2006 was an interesting year in security. The constant consolidation in the security market brought a number of multi-billion dollar deals as ISS and RSA were acquired, creating uncertainty as to their continued commitment to the channel. Spyware
It's pretty clear that we will see more of the same in 2007, but security VARs will prosper by staying ahead of the curve. Here are four areas to focus on to see profits soar over the next 12 months:
- Awareness training – It's no secret that users are the weakest link in any customer's security environment, but most companies devote precious few resources to train end users on proper computing behavior. This creates a huge opportunity for the channel to get into the awareness training game, which can be sold as a service and creates a constant presence within customer environments.
- Integration – There are opportunities for customers to rationalize their defenses on both the perimeter and the endpoint. Whether it's reducing operational costs or making the products work better, migrating customers to integrated security "systems" like unified threat management and endpoint security suites will be a big opportunity.
- Application layer – Many customers have spent all their time ensuring their perimeter and endpoints are protected. But by neglecting the path of least resistance for the bad guys – the application – customers found themselves at risk all year. By looking at Web application firewalls and database monitoring solutions, you can close down these exposures.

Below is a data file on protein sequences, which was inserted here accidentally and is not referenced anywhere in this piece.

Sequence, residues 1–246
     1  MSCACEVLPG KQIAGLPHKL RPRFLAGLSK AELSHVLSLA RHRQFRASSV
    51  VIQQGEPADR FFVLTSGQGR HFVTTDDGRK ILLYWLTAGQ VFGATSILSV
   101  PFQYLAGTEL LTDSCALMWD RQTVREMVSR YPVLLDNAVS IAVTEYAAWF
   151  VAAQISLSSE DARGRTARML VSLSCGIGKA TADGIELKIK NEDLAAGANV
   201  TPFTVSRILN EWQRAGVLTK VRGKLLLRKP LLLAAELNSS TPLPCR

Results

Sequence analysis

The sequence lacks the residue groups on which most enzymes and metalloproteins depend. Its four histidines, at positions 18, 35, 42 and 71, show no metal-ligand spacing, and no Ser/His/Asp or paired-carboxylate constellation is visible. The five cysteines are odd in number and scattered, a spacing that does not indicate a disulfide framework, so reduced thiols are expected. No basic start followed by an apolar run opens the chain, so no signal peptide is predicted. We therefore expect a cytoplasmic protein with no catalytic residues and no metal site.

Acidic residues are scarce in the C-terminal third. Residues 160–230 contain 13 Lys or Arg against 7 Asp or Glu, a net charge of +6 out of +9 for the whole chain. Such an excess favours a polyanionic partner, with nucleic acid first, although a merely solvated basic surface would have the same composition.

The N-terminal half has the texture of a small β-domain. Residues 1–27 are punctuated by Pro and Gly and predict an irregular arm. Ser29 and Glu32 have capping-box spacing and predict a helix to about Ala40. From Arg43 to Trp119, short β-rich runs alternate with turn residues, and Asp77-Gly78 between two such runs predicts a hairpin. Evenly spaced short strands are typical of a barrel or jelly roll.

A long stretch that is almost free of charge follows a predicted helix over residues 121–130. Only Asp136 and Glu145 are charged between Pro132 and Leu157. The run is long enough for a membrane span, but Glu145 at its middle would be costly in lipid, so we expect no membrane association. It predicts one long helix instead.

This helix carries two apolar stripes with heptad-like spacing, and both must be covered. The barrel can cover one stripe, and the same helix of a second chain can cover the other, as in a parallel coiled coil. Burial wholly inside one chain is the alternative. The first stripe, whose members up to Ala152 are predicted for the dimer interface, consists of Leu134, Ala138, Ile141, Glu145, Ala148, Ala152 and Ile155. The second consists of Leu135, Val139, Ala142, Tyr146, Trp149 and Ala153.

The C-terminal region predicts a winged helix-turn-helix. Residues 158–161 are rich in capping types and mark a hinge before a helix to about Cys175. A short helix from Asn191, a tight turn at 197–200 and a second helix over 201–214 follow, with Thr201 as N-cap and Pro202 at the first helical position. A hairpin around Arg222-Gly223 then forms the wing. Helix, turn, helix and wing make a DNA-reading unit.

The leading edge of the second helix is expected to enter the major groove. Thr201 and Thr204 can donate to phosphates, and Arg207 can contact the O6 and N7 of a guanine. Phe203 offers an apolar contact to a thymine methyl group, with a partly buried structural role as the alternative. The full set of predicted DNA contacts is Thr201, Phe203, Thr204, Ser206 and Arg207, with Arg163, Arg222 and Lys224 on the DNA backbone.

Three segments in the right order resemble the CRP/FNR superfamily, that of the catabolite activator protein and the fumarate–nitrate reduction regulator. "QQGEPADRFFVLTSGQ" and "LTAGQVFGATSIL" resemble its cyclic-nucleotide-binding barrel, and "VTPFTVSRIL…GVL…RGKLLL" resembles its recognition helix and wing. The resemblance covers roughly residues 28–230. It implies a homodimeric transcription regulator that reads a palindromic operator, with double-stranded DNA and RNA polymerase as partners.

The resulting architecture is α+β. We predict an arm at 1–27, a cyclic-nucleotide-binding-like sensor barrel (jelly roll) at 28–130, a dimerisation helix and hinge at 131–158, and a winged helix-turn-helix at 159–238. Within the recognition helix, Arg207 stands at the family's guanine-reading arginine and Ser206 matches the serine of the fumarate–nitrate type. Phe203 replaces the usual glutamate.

- Automated penetration testing – Vulnerability management only tells customers what is potentially at risk; automated penetration testing tells the story of what is REALLY at risk. Commercial solutions are available that can also test the ability of users to avoid social engineering attacks, so you can help your customers increase their security posture on multiple levels.
But not all will be roses in 2007; security resellers will need to start making some big changes to their line cards that will involve tough decisions. Why? Because as consolidation ran rampant in 2006, a number of security vendors now have comprehensive product portfolios. Those vendors are going to increasingly demand loyalty from their resellers, which means you'll be expected to pare down the number of products you carry.
Flexibility has always been the watchword of the reseller, and the manufacturers forcing line card contraction has the potential to impact flexibility. So it'll be an interesting year in 2007 as resellers figure out whether their value is in bringing a diverse set of offerings to customers, or whether it's about integrating a full product line from a small number of bigger vendors.
About the author
Mike Rothman is President and Principal Analyst of Security Incite, an independent information security research firm. Having spent over 15 years as an end-user advocate for global enterprises and mid-sized businesses, Mike's role is to educate and stimulate thought-provoking discussion on how information security contributes to core business imperatives. Prior to founding Security Incite, Mike was the first network security analyst at META Group and held executive level positions with CipherTrust, TruSecure, and was a founder of SHYM Technology. Mike is a frequent contributor for TechTarget and a highly regarded speaker on information security topics.
This was first published in December 2006